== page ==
The proposal would split Microsoft into two entities, one responsible for the company's Windows operating systems and the other for software applications, such as Office, and Microsoft's Internet properties, such as MSN.
The proposal is expected to be delivered to U.S. District Judge Thomas Penfield Jackson at approximately 4:00 p.m. ET, a government representative said.
Today's proposal moves the Microsoft trial into its final stage, where Jackson will evaluate government proposals on remedies, or what to do about Microsoft's antitrust violations. Jackson on April 3 ruled that Microsoft violated two sections of the 1890 Sherman Act.
Legal experts warn not to look at the government's proposal as the end of Microsoft. Jackson does not have to accept any or all of the remedy proposal, and Microsoft will have a chance to respond on May 10. The fact that Jackson wanted to fast-track the remedy proceeding to 60 days may have been his way of telling the government he didn't want a breakup proposal, said University of Baltimore School of Law professor Bob Lande.
"I still believe that there is only a tiny chance of a breakup," he said. "Jackson is a Reagan-appointed judge who gave Microsoft only 12 days to react; if he were contemplating breakup, he would have given them more time. Doesn't it show something about his mindset?"
But Jackson may have good reason to seriously consider the proposal, as it deals, from a legal perspective, with one of the case's core arguments: Microsoft illegally used its monopoly to create barriers to entry.
"In plain English, is there something about the market in question, here the market for operating system software, that makes it somewhat difficult for a new company to enter that market?" said Rich Gray, an intellectual property attorney with Outside General Counsel Silicon Valley in Menlo Park, Calif.
Jackson seemed to think so in his "findings of fact" issued on Nov. 5, Gray said. "He explains, correctly I believe, that any new entrant into the OS market must have a sufficient critical mass of applications such as word processing and spreadsheets available for its new OS product, or it has no real hope of entering the OS market."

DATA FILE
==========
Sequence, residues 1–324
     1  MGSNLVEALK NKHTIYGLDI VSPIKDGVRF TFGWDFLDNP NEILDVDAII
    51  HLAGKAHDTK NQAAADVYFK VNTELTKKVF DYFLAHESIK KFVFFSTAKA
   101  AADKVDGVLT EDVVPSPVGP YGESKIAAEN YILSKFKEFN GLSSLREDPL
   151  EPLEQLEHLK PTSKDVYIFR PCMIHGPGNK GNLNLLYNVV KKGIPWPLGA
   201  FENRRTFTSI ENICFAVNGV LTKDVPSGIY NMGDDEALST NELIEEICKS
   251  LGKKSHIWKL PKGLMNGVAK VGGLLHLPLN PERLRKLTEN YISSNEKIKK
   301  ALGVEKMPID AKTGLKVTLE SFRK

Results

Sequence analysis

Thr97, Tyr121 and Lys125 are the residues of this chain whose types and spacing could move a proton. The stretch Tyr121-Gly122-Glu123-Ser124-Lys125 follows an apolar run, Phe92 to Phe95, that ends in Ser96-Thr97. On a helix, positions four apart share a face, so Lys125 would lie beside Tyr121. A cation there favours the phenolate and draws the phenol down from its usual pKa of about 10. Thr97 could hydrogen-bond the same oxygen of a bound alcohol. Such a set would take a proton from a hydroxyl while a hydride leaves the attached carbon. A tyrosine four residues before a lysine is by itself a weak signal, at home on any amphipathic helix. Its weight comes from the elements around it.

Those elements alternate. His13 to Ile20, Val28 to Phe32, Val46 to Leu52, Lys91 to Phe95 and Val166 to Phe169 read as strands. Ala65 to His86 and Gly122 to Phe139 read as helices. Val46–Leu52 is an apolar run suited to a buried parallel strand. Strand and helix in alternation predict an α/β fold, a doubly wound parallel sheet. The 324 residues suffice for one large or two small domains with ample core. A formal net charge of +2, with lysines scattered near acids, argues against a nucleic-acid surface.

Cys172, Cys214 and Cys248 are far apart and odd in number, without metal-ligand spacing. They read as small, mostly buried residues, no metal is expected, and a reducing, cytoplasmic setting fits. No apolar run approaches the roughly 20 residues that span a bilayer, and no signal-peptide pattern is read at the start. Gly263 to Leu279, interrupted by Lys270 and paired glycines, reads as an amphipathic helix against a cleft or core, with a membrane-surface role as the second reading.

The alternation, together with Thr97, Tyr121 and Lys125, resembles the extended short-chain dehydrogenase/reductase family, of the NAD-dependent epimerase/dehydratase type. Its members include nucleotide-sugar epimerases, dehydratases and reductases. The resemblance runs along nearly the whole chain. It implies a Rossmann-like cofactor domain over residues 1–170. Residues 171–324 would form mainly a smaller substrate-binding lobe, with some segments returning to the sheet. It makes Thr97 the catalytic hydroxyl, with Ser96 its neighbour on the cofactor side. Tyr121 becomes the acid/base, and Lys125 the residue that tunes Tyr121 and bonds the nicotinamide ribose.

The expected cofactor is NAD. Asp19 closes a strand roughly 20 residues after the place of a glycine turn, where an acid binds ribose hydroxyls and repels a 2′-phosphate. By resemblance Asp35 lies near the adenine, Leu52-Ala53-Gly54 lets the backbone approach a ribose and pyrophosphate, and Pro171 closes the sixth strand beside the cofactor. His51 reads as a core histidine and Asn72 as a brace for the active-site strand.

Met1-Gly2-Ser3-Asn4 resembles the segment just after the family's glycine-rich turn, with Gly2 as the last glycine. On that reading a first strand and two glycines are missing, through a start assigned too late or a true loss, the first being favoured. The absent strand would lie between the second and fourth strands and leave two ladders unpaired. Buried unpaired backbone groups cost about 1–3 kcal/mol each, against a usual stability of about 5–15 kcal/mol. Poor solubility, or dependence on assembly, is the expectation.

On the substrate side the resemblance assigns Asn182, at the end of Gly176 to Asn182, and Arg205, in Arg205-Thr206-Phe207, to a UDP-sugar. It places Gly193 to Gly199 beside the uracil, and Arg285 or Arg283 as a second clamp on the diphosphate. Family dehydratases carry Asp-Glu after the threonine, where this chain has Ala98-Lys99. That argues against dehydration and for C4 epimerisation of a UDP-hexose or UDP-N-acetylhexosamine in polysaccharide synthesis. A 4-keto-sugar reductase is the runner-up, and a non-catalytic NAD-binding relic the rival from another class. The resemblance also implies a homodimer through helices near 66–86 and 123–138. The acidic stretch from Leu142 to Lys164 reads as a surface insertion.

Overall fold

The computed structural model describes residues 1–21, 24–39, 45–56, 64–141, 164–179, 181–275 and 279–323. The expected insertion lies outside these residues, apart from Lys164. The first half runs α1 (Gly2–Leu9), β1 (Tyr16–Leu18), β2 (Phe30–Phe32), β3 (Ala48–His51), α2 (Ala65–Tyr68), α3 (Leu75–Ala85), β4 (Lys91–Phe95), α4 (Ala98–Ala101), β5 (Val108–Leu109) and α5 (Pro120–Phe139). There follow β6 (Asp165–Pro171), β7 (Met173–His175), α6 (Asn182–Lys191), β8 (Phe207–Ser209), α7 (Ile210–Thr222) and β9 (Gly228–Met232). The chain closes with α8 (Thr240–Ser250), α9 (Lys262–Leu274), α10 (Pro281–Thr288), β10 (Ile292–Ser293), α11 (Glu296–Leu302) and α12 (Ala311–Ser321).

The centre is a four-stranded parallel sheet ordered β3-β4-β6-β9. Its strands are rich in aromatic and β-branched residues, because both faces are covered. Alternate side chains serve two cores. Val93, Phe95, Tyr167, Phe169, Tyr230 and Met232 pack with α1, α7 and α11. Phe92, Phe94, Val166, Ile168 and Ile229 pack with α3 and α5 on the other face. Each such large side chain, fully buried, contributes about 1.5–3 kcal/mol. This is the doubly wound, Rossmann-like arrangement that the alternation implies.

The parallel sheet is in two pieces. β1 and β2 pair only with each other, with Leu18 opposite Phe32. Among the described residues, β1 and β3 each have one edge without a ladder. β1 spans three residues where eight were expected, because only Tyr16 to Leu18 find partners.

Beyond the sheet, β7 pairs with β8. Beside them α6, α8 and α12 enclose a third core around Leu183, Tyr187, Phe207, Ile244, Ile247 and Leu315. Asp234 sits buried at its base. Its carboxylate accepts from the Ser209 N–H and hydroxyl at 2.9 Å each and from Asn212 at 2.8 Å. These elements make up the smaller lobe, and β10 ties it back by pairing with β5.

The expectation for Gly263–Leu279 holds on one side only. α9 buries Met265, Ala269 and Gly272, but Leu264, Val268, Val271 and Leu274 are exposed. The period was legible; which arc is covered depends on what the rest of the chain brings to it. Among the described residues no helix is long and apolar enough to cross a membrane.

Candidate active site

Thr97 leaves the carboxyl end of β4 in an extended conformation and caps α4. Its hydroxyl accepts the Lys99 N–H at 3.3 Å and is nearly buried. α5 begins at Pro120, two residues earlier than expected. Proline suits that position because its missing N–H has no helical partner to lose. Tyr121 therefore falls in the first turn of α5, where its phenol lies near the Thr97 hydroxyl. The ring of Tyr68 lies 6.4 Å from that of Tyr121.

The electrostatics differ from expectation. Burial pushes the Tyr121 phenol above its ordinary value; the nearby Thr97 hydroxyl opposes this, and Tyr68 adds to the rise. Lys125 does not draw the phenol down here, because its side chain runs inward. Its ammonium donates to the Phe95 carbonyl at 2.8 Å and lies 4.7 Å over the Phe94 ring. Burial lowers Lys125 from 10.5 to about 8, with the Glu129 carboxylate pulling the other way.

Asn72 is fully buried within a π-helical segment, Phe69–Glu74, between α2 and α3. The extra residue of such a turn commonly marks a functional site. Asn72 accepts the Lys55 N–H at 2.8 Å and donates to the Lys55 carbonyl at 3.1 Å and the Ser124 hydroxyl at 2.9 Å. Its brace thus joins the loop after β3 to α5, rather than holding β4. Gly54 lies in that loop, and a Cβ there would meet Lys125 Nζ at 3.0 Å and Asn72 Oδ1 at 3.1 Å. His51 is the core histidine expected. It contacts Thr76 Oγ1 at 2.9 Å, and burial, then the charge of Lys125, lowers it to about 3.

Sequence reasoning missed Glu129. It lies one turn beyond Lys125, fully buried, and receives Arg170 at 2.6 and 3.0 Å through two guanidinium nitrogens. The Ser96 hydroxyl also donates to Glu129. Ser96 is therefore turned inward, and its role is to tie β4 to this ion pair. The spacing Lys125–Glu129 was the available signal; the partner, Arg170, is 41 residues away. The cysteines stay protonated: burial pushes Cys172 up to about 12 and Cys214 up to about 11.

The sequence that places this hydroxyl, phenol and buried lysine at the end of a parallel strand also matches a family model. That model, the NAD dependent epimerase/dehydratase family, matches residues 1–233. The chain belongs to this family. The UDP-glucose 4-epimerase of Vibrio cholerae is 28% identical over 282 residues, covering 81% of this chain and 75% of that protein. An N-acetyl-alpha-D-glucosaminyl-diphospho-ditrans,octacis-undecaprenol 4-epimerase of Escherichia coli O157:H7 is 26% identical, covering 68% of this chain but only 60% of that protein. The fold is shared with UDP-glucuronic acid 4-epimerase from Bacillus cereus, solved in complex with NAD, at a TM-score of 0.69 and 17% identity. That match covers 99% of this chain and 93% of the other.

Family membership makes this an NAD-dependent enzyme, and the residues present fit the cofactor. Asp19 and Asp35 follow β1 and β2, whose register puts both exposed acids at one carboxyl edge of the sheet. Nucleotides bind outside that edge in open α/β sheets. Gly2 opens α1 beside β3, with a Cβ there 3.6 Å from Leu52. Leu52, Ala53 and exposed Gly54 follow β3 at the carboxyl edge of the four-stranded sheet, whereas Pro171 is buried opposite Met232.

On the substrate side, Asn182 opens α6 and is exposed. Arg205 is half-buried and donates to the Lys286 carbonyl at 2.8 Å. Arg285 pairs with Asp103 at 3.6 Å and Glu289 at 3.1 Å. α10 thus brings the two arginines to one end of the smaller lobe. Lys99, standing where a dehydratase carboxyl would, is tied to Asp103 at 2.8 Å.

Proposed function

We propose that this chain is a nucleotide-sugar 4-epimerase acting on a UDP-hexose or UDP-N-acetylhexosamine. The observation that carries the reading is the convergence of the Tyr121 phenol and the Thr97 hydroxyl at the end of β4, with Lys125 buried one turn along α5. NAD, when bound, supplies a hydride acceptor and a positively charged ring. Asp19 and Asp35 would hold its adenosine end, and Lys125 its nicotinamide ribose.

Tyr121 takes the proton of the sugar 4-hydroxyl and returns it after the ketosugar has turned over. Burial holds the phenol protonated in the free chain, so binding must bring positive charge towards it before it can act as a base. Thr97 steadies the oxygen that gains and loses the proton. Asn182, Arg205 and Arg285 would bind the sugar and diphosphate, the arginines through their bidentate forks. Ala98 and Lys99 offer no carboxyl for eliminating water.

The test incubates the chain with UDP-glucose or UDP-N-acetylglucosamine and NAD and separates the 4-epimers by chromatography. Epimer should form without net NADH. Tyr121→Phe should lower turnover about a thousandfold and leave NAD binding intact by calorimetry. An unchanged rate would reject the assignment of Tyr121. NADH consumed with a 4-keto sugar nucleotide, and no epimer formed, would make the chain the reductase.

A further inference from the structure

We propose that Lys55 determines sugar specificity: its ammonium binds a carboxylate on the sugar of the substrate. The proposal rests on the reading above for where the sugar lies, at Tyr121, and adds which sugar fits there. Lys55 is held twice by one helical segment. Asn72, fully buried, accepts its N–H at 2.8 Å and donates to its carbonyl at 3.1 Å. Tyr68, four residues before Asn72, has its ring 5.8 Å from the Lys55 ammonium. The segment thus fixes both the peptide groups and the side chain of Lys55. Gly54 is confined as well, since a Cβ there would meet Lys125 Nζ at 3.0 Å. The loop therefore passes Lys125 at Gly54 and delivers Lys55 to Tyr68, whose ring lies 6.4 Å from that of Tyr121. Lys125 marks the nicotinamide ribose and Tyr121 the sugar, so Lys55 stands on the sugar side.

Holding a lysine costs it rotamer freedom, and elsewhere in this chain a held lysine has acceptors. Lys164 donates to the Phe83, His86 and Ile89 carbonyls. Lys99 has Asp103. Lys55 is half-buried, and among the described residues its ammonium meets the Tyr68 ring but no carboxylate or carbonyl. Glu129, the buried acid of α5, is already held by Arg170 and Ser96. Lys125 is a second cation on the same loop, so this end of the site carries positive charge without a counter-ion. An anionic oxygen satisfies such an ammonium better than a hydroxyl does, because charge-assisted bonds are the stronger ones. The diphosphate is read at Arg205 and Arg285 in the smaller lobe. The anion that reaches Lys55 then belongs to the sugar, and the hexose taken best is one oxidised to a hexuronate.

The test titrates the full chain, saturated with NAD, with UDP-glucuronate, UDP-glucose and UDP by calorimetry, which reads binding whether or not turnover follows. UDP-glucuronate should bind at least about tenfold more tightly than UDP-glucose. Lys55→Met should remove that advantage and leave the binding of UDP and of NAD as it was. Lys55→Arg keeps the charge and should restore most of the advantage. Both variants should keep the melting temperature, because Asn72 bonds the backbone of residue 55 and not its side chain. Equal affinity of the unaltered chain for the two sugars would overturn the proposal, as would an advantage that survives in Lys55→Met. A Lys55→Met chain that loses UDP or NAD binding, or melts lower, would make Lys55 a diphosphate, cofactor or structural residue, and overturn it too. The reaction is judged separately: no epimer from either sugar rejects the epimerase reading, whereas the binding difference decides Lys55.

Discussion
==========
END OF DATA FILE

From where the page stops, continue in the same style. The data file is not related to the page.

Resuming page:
"If the 'Office company' were separated from the Microsoft 'Windows company,' it would have no incentive to write applications only for Windows," said Glenn Manishin, an antitrust attorney with Patton Boggs in McLean, Va. "Like Corel, it would want to port to all platforms, immediately jump-starting potential OS rivals like Linux and BeOS."
The government's remedy proposal would be a hard blow for Microsoft, which derives more than 40 percent of its revenue from Office and has been building much of its future product portfolio around the Internet by investing in broadband companies and renting Office applications over the Web. Microsoft has also argued that since Office was not part of the government's case, it should not be affected by the court's remedy.
"The fact that Office was not the target of the trial is legally immaterial, as the remedy would be directed to eliminate the same type of leveraging conduct that Microsoft engaged in vis-a-vis Netscape and other middleware, and to 'pry open' the OS market to effective competition," Manishin said.
Jackson will likely weigh his final remedy in light of the appeals process. The more severe the remedy, coupled with weaknesses in his ruling, the more likely part or all of the case will be overturned on appeal, Lande said.
The government is expected to make a proposal for preliminary relief, possibly placing interim restrictions on Microsoft's behavior. The judge would likely not act on breakup until the appeals process ends, probably within 24 months.
But on the sidelines, Microsoft will have to face more than 130 private antitrust cases, 27 of which were consolidated in Baltimore this week. Once Jackson issues his final ruling, lawyers hope to use his findings of fact in their cases and gain access to some of the government's evidence.
Microsoft will respond to the government's remedy proposal on May 10, with a government response scheduled a week later. A remedy hearing is supposed to take place on May 24. But today's proposal could change that schedule.
"The more ambitious the controls on behavior, the more likely on May 10, or whenever Microsoft responds, it says it needs more time," said George Washington University Law School professor Bill Kovacic. "Then the likelihood of May 24 being the date when final hearings takes place diminishes."